If anything, the former presidential candidate's version of events changed yet again and provided further confusion.
Mr Gallagher has also revealed there were other fundraisers held by Fianna Fail at the same time as the €5,000-a-head dinner.
In his latest account -- at the Media Future 2012 conference -- of the fundraiser that ultimately scuppered his campaign, Mr Gallagher sought to set the record straight.
"Let's get it all clear and out there. The first thing, let's get to the event, what was the fundraising event? Fianna Fail headquarters had organised a series of events -- and this was one of them -- for local businesses to fund a campaign for the Lisbon Treaty.
"And I was asked, like a number of other business people were in the Dundalk area, to invite local people to this fundraiser to raise money for the Lisbon campaign, which I did," he said.
However, no other fundraisers of this nature around that time, where those in attendance were asked for up to €5,000, have ever been identified.
Fianna Fail can only cite their normal annual draw and national collection as examples of their fundraising that year.
The fundraising dinner was held on July 1, 2008, in the Crowne Plaza Hotel in Dundalk, Co Louth.
But nobody has ever mentioned it having anything to do with the Lisbon campaign before.
In fact, in a statement to the Irish Independent last October, Fianna Fail was quite specific about where the proceeds were destined.
"We organised it to help defray the cost of the 2007 General Election," the party said.
The Lisbon I referendum took place on June 12 but the fundraising dinner took place on June 1.
Of course, Fianna Fail's funding for the general election and referendum campaigns came from the same pot. And the party now says the funding from 2008 was used to pay off the costs of both the general election and the Lisbon campaigns.
But it would be unusual for the party to be pitching a dinner three weeks after the vote as being a fundraiser "to fund a campaign".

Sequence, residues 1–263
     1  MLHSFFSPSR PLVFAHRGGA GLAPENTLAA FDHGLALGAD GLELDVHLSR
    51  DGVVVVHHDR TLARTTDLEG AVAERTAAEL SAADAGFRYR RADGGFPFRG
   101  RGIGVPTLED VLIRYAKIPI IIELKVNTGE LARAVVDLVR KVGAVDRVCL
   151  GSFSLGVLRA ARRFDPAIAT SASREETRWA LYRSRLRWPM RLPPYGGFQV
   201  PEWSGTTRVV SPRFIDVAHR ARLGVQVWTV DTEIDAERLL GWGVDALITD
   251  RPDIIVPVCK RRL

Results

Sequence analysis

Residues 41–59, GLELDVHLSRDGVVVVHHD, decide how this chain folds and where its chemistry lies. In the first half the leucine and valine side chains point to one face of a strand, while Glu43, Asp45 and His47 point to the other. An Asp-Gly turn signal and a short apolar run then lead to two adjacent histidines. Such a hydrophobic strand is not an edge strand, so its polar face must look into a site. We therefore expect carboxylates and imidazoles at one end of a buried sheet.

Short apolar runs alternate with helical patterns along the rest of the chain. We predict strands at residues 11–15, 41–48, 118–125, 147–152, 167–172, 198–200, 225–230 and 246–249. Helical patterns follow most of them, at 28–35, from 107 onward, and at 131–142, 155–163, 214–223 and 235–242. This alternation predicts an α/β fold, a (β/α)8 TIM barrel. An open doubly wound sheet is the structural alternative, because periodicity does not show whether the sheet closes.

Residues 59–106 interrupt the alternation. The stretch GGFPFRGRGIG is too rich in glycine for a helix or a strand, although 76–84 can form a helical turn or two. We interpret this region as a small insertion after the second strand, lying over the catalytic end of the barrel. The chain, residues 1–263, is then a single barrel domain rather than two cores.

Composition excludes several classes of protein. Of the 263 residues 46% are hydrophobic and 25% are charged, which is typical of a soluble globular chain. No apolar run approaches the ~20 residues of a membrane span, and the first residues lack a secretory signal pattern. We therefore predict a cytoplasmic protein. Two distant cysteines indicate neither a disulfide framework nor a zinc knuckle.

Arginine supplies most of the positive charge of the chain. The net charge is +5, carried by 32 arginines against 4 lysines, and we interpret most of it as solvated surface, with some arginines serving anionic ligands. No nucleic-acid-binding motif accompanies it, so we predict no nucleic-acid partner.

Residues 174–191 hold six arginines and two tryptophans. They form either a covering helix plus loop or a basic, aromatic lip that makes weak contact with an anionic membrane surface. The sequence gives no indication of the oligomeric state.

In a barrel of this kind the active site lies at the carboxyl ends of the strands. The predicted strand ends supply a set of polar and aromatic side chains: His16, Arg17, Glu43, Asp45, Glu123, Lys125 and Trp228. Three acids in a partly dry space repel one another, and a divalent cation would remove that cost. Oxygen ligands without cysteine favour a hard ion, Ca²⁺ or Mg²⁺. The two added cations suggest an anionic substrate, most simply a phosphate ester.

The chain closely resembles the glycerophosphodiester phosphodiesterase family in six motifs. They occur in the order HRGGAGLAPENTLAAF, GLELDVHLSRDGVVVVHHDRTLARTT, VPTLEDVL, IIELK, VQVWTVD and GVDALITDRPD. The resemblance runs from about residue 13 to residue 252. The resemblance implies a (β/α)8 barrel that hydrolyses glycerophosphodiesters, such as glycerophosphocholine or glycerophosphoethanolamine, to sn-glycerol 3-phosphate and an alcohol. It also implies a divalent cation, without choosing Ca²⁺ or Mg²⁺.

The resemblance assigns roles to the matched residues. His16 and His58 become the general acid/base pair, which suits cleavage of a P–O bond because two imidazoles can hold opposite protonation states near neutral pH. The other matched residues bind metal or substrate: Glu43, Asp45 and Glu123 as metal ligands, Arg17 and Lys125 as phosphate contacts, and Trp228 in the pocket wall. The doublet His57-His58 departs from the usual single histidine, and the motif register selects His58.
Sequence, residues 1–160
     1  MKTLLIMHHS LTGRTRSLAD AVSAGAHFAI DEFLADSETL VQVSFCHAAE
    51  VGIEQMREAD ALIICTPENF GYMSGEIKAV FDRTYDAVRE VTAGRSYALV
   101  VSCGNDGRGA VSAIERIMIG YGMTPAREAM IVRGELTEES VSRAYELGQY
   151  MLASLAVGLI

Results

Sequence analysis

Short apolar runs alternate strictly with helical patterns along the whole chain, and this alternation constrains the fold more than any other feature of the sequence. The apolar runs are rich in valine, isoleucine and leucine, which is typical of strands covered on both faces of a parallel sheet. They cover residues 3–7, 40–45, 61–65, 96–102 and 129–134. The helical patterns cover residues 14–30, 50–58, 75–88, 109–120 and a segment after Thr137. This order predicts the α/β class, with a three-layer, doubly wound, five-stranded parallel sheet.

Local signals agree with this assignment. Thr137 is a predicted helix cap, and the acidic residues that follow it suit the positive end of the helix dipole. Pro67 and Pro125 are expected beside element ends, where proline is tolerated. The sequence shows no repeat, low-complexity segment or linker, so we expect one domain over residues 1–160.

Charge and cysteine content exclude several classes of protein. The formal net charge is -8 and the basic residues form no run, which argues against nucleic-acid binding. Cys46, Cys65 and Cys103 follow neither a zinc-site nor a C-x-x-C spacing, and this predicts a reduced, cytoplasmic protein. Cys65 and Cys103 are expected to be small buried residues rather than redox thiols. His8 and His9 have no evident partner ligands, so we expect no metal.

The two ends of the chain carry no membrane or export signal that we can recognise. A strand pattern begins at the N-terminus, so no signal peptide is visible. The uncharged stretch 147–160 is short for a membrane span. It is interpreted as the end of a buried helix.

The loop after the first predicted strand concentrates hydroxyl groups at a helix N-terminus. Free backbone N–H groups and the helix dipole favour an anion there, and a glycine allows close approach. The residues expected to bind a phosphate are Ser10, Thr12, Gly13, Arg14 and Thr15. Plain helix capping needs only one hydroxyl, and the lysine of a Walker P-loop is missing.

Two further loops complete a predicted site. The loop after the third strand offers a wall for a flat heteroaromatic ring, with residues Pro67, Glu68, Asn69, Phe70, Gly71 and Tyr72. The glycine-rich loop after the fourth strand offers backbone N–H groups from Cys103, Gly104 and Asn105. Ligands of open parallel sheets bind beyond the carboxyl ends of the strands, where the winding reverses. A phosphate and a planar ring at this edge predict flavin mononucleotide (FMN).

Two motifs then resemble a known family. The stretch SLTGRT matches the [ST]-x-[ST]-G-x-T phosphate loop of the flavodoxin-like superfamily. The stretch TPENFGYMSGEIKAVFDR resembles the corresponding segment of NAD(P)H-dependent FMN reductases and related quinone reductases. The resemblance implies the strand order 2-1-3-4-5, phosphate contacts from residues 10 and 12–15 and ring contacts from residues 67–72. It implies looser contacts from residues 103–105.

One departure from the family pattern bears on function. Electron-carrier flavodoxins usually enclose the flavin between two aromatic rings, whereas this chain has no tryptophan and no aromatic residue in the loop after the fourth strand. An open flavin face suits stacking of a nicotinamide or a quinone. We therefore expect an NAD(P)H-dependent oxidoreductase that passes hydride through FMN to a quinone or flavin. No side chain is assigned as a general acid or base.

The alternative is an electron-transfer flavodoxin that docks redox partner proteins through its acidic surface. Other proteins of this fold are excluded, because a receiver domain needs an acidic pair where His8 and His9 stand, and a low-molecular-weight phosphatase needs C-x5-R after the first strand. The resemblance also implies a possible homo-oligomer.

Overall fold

Mr Gallagher also insists again he didn't know the convicted fuel smuggler Hugh Morgan.
Once again, this conflicts with the original version provided by Mr Gallagher.
"He would have been in touch with a number of people he knew to tell them it was on," his spokesman told this newspaper last October.
Exactly how many businesspeople he invited to the fundraiser is still up in the air.
On 'The Frontline' debate, he said he "invited perhaps three or four" but scales this estimate down: "I invited perhaps two to three people at that event," he said.
The details surrounding any other fundraisers held by Fianna Fail at the time, which Mr Gallagher refers to, have never emerged.
Aside from the party's annual Superdraw and annual National Collection, Fianna Fail didn't identify any other fundraisers on top of the Dundalk dinner.
"In 2008, there were a series of fundraising events over the course of the year, ranging from the party's Superdraw and National Collection to the Louth fundraising dinner. All money raised in 2008 went into the party's fundraising and campaigns account.
"This money was used to pay the significant debt accrued during the 2007 General Election campaign and also to fund the party's 2008 Lisbon Treaty referendum campaign," the party said.
"The largest source of fundraising in 2008 was through the party's Superdraw and National Collection, in donations of €100 or less."
In that case, the €5,000-a-head Dundalk dinner was quite the exception.